Above you can see I'm trying to add filler strips in between the blocks of each strip to match the first width. This is where you use more of the pieces of t-shirt you cannibalized from the original t-shirts where you found the logo's. My problem was my knits were stretching. Which I knew would happen since I didn't use interfacing. Don't make my mistake. It's not fun to have to go back and re-sew strips and add pieces because one strip stretched making one side of the quilt about 6 inches longer than the other.
On this part you don't have to use just strips. You can make more patches, stripes, whatever. It doesn't have to be perfect. Because it's a mess to begin with. Just remember, it doesn't have to look perfect, but the weirdness and funky-ness has to look INTENTIONAL.
Here I"m adding strips between the large strips to add more size to the quilt. If I had just used it as is, it would have been a crib size.
So, this is the finished (almost) quilt top. Notice anything? Yeah, the last few strips stretched horrifically. So the left size is about 7" wider than the right side. So....note to self, USE INTERFACING.
I had to go back and take in quite a bit. But because this was the last stretch, and I was tired. I didn't take it apart. I just sewed in some little darts to the larges pieces. It's still uneven. Just not as much. Maybe only 3" or so different from the top of the quilt to the bottom.
|The back of the quilt|
after a bit of re-working to fix the size.
I then grabbed a twin size jersey flat sheet that I hadn't used in awhile and tried to measure it with the quilt top. I leave about 3 inches extra on each side of the quilt backing to use as a binding. Then I grabbed my fusible batting ($10 with my joann's coupon) and sandwiched the quilt top, the batting and the quilt backing together. It's fusible batting and it takes quite a bit of ironing. (use a pressing cloth between some of the t-shirt screen prints and logos because depending on how it was made, the paint and ink can come off on your iron, and destroy the logo in the process. )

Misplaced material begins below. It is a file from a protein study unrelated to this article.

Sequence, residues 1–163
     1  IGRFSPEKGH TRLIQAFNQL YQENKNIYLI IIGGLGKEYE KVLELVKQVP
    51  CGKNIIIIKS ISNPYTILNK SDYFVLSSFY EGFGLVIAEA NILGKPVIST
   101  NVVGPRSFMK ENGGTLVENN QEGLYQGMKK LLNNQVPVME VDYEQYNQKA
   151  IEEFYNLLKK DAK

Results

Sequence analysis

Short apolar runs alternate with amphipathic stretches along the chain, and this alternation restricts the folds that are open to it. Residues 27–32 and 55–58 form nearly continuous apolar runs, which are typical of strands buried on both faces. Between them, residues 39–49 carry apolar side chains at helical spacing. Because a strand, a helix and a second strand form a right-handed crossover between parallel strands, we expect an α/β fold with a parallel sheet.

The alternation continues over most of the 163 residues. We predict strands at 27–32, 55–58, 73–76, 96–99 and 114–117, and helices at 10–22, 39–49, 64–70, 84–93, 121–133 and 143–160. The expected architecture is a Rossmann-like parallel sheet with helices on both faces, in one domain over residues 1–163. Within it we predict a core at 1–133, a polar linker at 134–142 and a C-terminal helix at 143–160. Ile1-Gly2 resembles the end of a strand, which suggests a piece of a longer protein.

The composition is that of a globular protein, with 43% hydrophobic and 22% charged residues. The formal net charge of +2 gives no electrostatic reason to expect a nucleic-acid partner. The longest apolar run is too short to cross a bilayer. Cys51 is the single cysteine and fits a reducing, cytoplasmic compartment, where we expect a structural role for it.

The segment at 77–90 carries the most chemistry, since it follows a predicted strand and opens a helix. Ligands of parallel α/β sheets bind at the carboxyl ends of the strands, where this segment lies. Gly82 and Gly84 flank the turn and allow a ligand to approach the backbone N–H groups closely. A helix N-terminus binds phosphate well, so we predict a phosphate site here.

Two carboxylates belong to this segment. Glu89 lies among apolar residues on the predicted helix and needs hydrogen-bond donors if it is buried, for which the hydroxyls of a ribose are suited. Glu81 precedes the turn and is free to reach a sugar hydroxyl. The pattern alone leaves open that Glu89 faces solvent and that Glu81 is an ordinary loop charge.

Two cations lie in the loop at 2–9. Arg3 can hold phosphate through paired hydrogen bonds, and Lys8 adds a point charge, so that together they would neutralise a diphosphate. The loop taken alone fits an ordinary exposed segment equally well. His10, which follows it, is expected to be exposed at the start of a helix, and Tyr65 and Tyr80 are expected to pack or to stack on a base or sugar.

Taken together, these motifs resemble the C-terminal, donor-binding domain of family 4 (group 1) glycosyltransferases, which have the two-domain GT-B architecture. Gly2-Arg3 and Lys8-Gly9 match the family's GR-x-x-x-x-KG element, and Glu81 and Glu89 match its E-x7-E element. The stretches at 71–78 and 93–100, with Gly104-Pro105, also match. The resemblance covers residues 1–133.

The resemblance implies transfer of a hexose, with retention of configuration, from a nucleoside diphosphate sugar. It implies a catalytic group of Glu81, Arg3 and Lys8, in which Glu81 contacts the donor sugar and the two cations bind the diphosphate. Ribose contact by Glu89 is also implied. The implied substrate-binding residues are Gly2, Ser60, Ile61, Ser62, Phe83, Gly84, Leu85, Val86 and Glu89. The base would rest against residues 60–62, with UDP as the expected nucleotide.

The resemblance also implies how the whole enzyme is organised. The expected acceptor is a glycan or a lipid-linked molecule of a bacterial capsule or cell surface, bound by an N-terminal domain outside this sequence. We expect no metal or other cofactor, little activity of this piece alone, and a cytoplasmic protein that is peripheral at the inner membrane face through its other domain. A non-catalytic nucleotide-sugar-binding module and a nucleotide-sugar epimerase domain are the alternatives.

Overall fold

Quick note: If you want to make a quilt more cheaply, a flat sheet in the size you want the quilt (twin/full/queen) makes an easy and cheap quilt backing that you don't have to piece together. (fabric by the yard usually comes in 45"-55" widths. The backing of a quilt will need to be bigger than those widths which is where the piecing comes in. I had a flat sheet on hand. If you don't, you can usually find one for cheaper than the fabric by the yard.
I then used some basting safety pins to add extra security and was ready to quilt.
I just used a straight stitch in the ditch method in-between the larger strips and was pretty pleased. It sure felt pretty comfy.
I used the left over backing as the binding and after finishing the corners was finally finished.
The great thing about this quilt is I only bought one piece. The $10 batting. The whole quilt top, was made entirely from the t-shirts my brother in law gave me. I used the hems, the sleeves, the backs. The only thing i didn't use were the necklines (except for one). I used an old jersey flat sheet that I no longer used but needed to hold on since it was a nice huge piece of fabric. So, if you have some extra fabric lying around.....sometimes it's a useful stash. IF you tend to re-use fabric. I re-use my old jeans to make patches on holes in my other jeans. I re-use old t-shirts to make quilts. I re-use old curtains, or pillowcases for a variety of projects. Some times for dresses (like the sound of music!!!) And sometime's its just strips I use to work on my stitches, or practice with my tensions. So, re-cycled fabric is pretty useful. At least it is to me.
It's not a perfect quilt. It's pretty messy. But it's finished. Which is my favorite kind of project.